The mechanism of eculizumab is effective in the pathophysiology of paroxismal nocturnal haemoglobinuria (PNH). This rare disease is characterised by haemolysis of erythrocytes by the bodies own complement system. The cause of PHN is a genetic defect in one of the natural protecting complement inhibitors, CD59. In a healthy person, the CD59 protects the erythrocyte from the attachment of the membrane attack complex (MAC). Because PNH patients are deficient for CD59, the MAC can attack the erythrocytes and lyse them.
The MAC is the final outcome of the terminal complement system. In the beginning of the pathway, complement C5 is split up by C5 convertase into C5a and C5b. C5a is a strong immunoreactive agents, which increases the permeability of the blood vessels and attracts inflammatory cells by chemotaxis. C5b binds to other complement (C6, C7, and C8). The formed C5b-8 complex is expanded with C9 and is then called the membrane attack complex (MAC). This MAC can bind the wall of bacteria (e.g. Neisseria) and destroy it.
Verdana, Arial; font-size: medium; background-color: #e4eaff;">Eculizumab is a long-acting humanised monoclonal antibody targeted against complement C5. So, eculizumab prohibits the cleavage of C5 into C5a and C5b and with that, it inhibits the entire terminal complement system including the formation of the MAC. In PNH patients, eculizumab strongly decreases haemolysis of erythrocytes, but also reduces the clearance of Neisseria.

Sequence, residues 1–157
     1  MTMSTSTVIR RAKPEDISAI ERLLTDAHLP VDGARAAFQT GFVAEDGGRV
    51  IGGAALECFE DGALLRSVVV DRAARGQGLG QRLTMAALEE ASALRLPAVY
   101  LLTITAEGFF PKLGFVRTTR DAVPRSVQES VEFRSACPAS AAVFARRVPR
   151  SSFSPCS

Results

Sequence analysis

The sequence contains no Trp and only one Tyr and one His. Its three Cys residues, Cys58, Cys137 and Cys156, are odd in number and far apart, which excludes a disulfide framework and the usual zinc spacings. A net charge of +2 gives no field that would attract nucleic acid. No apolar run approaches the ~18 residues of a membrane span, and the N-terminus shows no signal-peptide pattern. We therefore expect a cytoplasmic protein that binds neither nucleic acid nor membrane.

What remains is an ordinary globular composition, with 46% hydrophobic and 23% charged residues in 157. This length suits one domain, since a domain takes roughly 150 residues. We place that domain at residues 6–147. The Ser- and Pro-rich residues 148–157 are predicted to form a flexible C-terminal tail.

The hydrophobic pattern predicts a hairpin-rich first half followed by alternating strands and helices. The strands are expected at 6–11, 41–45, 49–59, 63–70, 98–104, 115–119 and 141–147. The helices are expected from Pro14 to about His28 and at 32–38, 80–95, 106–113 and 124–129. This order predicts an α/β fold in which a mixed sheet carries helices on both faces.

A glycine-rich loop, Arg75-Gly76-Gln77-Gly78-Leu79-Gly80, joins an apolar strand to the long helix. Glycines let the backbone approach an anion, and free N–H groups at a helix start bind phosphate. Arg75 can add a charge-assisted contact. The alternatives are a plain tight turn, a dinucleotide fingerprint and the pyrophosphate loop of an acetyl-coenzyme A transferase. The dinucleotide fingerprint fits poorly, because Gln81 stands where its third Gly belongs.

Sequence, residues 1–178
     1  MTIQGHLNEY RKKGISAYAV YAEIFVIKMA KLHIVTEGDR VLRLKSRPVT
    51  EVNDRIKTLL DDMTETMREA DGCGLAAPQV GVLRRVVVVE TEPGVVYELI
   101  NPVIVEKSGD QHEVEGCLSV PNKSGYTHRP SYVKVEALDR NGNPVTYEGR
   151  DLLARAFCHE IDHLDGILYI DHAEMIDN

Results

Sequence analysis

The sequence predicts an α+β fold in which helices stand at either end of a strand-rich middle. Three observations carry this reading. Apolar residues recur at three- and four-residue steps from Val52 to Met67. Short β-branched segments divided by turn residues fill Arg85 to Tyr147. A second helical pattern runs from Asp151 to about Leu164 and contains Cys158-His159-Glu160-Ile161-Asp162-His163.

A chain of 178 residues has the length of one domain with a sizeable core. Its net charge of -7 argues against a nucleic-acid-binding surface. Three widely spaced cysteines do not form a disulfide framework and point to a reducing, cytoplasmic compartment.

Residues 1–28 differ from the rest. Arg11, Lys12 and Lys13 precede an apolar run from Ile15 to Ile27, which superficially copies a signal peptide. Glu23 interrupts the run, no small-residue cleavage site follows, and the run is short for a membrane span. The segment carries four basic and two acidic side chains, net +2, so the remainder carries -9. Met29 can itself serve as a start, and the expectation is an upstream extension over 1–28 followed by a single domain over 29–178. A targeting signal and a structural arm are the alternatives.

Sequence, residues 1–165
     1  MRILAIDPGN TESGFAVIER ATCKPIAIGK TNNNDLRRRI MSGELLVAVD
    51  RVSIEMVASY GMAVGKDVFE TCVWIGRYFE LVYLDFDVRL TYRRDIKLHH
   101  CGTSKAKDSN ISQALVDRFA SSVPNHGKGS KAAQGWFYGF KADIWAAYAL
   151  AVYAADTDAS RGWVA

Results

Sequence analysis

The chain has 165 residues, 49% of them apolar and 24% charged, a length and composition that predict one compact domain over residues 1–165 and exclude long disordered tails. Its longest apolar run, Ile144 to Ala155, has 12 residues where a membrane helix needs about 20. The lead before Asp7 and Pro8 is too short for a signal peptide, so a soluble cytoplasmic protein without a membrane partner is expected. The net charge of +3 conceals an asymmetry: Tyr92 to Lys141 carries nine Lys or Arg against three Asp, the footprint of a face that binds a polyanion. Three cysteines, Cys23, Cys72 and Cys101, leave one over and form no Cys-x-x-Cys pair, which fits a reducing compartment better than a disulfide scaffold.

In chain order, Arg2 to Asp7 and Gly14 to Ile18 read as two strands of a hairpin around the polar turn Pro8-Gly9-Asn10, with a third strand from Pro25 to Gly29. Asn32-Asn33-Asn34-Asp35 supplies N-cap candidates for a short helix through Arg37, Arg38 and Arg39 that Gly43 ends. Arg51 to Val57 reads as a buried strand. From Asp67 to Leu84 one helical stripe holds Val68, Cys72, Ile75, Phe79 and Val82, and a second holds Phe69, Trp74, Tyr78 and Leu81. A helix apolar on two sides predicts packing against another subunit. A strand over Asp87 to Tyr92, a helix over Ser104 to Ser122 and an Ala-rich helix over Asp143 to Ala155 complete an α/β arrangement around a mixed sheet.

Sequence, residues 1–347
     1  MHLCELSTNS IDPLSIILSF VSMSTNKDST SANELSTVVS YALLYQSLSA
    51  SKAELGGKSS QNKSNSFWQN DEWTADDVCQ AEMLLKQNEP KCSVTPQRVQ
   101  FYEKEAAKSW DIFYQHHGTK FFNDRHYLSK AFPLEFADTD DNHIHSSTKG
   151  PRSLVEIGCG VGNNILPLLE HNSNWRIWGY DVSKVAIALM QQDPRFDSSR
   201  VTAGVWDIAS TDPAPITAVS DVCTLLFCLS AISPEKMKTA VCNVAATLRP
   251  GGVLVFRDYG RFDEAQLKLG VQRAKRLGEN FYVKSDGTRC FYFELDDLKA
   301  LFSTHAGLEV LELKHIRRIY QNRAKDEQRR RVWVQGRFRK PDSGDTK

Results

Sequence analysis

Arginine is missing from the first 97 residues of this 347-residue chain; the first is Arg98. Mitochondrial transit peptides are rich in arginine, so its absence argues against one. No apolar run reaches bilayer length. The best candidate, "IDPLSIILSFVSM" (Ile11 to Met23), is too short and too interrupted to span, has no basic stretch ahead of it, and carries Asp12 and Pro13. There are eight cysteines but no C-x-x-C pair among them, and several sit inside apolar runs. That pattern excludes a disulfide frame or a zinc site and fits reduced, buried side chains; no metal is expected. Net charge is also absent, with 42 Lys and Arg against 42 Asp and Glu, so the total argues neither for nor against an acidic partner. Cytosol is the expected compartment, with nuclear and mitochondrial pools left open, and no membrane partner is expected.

PNH patients that will receive eculizumab therapy should thus be vaccinated against Neisseria in advance. Although eculizumab only inhibits the terminal complement system and does not affect the proxismal system, various kinds of infections in urinary, respiratory and gastrointestinal tract are very common adverse effects.
EPAR of eculizumab.